• Address book – autocomplete fields. User will not need to enter information twice. Address book should be filled up when they make the first purchase. The subsequent purchase, the address should have already been saved and users will not need to repeat the steps all over again.

  • Products – filters for users to filter/sort out their preferences so they would not need to go through all the products one at a time. OR having a “buy now with one click” option.

e-commerce Buy now at 1 click option

Help user recognize, diagnose and recover from errors

Definition: Error messages should be expressed in plain language (no codes), precisely indicate the problem, and constructively suggest a solution.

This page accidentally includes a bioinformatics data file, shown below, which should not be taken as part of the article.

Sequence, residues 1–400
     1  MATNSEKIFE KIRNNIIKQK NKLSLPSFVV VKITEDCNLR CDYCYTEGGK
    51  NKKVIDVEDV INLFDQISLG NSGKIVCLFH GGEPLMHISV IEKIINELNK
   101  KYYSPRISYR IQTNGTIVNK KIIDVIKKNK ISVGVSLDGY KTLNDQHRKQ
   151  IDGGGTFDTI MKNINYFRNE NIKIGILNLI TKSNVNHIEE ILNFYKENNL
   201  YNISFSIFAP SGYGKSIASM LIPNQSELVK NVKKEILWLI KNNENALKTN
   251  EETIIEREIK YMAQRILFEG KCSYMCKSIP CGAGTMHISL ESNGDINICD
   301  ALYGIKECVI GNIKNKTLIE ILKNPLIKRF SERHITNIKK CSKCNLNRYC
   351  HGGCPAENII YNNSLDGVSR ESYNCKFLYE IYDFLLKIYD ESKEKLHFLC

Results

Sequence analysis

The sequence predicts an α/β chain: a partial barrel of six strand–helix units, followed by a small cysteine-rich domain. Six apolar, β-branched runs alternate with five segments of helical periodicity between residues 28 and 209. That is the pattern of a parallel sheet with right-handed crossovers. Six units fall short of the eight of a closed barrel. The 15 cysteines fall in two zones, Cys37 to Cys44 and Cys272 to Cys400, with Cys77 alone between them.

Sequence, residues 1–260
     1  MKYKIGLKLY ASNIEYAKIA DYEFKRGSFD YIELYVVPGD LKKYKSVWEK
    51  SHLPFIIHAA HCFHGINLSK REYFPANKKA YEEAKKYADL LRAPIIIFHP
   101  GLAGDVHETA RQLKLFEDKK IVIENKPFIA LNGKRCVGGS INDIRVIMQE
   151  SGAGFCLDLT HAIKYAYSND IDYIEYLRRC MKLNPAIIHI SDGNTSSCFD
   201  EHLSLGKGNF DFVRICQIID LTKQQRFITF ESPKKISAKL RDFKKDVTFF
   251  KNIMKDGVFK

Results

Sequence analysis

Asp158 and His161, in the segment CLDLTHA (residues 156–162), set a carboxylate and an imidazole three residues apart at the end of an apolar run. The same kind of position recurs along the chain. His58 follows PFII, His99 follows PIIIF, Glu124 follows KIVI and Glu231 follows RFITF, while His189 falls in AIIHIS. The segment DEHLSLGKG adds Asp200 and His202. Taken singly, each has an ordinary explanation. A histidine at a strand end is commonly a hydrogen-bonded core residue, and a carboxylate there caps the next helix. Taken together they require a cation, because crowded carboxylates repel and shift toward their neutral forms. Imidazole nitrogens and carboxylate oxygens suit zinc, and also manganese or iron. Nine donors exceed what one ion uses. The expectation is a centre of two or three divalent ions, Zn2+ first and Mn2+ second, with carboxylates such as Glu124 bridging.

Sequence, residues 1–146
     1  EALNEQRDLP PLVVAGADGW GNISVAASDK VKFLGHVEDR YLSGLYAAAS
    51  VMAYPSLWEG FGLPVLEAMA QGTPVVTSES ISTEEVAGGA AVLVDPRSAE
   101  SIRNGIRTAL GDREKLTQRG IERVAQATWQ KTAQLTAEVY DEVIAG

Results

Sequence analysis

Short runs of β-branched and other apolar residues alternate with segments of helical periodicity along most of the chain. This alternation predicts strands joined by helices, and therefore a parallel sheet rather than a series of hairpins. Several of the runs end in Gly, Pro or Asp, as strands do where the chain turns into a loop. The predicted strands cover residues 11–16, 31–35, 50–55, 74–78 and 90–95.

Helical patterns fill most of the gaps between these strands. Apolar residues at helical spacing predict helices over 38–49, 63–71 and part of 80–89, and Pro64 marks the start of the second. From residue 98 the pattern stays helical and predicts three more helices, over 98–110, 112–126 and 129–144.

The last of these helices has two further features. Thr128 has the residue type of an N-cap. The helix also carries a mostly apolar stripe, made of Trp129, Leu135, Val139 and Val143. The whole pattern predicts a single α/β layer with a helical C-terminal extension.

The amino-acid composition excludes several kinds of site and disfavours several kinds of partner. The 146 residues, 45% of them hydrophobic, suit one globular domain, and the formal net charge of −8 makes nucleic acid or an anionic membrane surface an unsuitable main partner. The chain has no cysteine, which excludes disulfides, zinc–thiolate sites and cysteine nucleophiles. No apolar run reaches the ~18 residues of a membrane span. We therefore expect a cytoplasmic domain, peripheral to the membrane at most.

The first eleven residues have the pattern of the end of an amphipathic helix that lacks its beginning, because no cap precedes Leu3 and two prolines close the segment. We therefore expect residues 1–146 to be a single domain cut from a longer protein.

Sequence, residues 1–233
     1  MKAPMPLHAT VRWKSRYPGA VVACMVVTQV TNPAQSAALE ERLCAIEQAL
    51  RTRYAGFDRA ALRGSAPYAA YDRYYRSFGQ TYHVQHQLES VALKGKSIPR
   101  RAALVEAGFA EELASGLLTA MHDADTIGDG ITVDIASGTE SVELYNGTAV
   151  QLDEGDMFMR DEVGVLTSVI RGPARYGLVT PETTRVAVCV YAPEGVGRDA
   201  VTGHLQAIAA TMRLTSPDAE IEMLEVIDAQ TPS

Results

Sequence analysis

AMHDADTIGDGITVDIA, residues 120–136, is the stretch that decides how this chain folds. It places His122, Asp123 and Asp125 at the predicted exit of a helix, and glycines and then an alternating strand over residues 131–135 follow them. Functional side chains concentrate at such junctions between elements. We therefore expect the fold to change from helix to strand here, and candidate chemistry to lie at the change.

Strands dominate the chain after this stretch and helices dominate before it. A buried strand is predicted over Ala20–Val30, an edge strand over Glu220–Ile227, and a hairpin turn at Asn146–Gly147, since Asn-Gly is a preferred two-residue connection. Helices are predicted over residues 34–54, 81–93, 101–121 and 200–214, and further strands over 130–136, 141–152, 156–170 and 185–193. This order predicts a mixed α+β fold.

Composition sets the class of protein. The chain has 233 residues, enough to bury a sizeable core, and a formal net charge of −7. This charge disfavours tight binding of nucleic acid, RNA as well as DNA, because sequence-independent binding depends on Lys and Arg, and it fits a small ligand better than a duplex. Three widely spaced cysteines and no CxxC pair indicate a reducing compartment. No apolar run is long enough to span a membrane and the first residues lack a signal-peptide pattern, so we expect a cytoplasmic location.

Layman terms: A prompt message to inform users on what went wrong with proper instructions/directions for user to follow as a guideline.

 

Where you can apply the usability heuristic when designing e-commerce website:

 

  • Sign-up page

  • Shopping cart

  • Address book – if a field is enter incorrectly, a prompt message should indicate the correct step/method of inputting the data.

help text in sign up form ecommerce

Recognition rather than recall

Definition: Minimize the user’s memory load by making objects, actions, and options visible. The user should not have to remember information from one part of the dialogue to another. Instructions for use of the system should be visible or easily retrievable whenever appropriate.

Layman terms: Ensuring that you can find the items you wanted easily. There will be no usage of the search bar to look for the items you want.

 

Where you can apply the usability heuristic when designing e-commerce website: